Of the 11 farthest stars yet detected, all of which are located far outside the boundaries of the spiral confines — relatively speaking — of the Milky Way galaxy, at least five seem to have not actually originated within the Milky Way itself. According to new research from Harvard astronomers, it would appear that the home galaxy is a star thief.
Space Daily reported last week that an extremely distant string of 11 stars, the farthest away that have as yet been detected and are still held in the gravitational sway of the Milky Way at roughly 300,000 light years from Earth, have been found to have been stolen from the Sagittarius dwarf galaxy, according to a study using computer simulation models tracking 8 million years of galaxy migration. Marion Dierickx of the Harvard-Smithsonian Center for Astrophysics (CfA), lead author of the study, and her Ph.D. advisor, Harvard theorist Avi Loeb, ran the models and established that, by varying the velocity and angle of the dwarf galaxy’s fly-by, at least five of the trail of farthest stars had long ago been taken from Sagittarius on its way past as it orbited the Milky Way.
The Sagittarius dwarf galaxy is only one of a dozen small galaxies that surround the Milky Way, and it has made several swings around, having its cohesion pulled apart in the process. The computer simulation indicated that the dwarf galaxy was 10 billion times the mass of our own sun (just one percent of the galaxy’s mass) at the beginning. Over time, the galaxy lost at least a third of its stars and roughly nine-tenths of its dark matter by being ripped apart by gravitational tides.
And five of the 11 farthest stars seem to be part of that loss.
The entire string of 11 stretches for about one million light years, which is about 10 times the width of the Milky Way itself. The simulations predicted that over time, three streams (only one of which was plotted by the study) of pulled-away stars presented themselves, reaching out as far from galactic center as a million light-years. (Note: According to NASA, the Milky Way, at its widest, is just 100,000 light years across.)
The streams (which have not been fully extended to their fullest) are considered one of the largest structures observable in the sky, according to Space Daily.
As yet, the other six stars in that farthest string do not appear to have come from the Sagittarius dwarf galaxy. However, it is speculated that the half-dozen stellar masses may have been captured as other dwarf galaxies made passes by the Milky Way.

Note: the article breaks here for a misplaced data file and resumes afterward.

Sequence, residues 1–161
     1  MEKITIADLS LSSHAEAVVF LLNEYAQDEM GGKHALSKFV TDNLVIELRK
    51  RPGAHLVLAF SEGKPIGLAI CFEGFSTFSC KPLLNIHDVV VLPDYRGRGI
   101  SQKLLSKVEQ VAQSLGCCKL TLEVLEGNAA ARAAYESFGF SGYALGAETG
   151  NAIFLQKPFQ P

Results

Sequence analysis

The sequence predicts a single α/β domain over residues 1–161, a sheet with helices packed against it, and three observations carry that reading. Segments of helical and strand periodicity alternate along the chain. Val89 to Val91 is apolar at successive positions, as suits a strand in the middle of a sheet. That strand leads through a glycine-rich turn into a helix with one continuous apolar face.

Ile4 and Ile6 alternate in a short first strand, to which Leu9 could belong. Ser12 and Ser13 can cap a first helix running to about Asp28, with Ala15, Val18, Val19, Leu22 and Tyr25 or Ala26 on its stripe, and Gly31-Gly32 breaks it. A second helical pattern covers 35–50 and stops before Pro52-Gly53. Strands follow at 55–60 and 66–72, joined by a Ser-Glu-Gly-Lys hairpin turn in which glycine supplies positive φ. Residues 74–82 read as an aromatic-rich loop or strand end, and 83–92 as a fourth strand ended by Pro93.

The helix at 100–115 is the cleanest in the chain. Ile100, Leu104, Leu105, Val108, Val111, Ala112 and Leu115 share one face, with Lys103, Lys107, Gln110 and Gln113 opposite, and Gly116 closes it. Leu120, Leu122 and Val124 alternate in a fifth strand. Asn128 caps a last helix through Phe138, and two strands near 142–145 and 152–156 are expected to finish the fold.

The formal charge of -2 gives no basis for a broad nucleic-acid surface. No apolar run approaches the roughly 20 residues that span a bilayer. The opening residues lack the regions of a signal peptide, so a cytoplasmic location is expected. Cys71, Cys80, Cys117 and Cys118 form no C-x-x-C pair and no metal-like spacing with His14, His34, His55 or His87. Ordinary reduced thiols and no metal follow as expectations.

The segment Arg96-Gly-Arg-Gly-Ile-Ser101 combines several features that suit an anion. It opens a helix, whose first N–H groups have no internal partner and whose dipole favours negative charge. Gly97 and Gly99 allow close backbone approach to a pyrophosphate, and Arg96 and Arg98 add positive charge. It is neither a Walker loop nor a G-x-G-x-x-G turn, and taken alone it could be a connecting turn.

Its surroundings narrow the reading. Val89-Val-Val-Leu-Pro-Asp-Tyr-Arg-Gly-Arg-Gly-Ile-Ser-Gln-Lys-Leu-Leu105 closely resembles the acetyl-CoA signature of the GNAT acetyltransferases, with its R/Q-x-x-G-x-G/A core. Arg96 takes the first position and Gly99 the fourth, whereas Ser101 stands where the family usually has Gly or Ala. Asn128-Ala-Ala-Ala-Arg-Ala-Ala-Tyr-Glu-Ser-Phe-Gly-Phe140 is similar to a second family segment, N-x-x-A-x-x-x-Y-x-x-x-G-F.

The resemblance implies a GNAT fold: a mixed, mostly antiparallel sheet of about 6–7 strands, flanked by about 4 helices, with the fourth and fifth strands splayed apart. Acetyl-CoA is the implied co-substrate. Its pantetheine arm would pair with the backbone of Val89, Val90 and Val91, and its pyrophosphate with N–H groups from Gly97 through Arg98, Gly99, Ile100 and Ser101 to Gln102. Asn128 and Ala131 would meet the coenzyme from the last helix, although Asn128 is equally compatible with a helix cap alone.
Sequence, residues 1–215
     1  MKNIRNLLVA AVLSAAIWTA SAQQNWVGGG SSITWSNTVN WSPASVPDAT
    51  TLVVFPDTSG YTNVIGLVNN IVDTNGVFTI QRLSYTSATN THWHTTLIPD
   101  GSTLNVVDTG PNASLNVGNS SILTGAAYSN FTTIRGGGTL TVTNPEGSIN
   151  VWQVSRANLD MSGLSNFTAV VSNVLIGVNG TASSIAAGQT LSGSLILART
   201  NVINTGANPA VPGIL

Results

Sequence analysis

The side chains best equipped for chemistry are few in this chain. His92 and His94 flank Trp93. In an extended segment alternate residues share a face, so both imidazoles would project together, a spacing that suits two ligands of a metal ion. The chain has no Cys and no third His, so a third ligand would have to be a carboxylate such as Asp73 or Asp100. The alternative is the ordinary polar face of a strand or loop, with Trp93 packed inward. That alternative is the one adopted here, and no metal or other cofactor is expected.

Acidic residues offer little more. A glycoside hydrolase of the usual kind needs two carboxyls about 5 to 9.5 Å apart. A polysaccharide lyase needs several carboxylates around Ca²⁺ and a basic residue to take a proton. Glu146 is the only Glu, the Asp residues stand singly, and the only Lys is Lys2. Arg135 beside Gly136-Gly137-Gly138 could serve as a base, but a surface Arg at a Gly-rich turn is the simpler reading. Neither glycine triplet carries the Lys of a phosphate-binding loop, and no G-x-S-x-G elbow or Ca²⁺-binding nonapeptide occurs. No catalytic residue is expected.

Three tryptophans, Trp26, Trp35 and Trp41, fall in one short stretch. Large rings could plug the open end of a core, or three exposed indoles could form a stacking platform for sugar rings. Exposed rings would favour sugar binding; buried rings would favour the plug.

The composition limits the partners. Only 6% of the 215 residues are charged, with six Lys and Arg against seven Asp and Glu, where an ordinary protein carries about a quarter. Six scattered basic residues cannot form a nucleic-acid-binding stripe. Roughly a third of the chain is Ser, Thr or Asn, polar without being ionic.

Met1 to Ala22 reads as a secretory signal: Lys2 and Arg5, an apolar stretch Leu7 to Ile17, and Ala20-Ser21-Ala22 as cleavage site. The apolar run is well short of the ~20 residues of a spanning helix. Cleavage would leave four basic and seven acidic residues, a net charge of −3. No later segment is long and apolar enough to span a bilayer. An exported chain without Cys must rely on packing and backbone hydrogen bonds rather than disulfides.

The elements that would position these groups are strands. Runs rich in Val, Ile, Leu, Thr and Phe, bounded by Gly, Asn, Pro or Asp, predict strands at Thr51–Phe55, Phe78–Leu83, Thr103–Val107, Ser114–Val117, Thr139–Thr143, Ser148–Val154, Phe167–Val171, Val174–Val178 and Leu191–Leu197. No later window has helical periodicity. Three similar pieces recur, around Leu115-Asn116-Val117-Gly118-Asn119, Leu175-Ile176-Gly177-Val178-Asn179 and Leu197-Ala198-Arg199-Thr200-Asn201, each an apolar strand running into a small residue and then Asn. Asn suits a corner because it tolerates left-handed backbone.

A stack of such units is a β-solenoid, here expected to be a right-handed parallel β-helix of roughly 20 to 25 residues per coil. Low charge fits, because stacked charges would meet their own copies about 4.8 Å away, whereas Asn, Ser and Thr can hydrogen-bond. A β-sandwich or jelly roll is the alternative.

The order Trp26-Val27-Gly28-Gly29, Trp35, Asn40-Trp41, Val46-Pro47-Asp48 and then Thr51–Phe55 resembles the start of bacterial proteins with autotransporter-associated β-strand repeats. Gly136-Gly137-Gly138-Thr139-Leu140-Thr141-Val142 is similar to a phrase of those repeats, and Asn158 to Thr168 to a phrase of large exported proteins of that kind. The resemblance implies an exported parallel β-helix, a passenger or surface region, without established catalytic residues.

Dierickx said she believes that other “interlopers from Sagittarius are out there just waiting to be found.”
She went on to say, “The star streams that have been mapped so far are like creeks compared to the giant river of stars we predict will be observed eventually.”
It is believed that the employment of more sensitive instruments like the Large Synoptic Survey Telescope in Chile (which is scheduled to begin full scientific operations in 2022), a telescope that will detect faraway and faint stars across the sky that are currently beyond science’s technological reach, should be able to identify a number of the stars in the predicted streams.
In other star news regarding the Milky Way galaxy, a new study has revealed that some stars, about one every thousand years or so, that get pulled into the gravitational roil of a black hole, such as the one at the galactic core, do not always get torn apart and trapped in the gravitational field. As the Inquisitr reported, some stars get shredded instead in a process that takes roughly a day and are shot back out into space in a stream of “star-stuff” that could encompass hundreds of fragments. Some of the fragments will coalesce into planet-sized missiles traveling at speeds as high as 20 million miles per hour through space.
Alarmingly, astronomers believe that those hurled fireballs could be within about a few hundred light years of Earth, undetected due to the low magnitude of their glow.
As the study suggested, like the as-yet-undetected stars in the predicted pilfered galaxy streams, more powerful instruments should soon be able to tell if any of the massive objects are in our galactic neighborhood.
[Featured Image by ITSARIYAPHON CHAIKULAP/Shutterstock]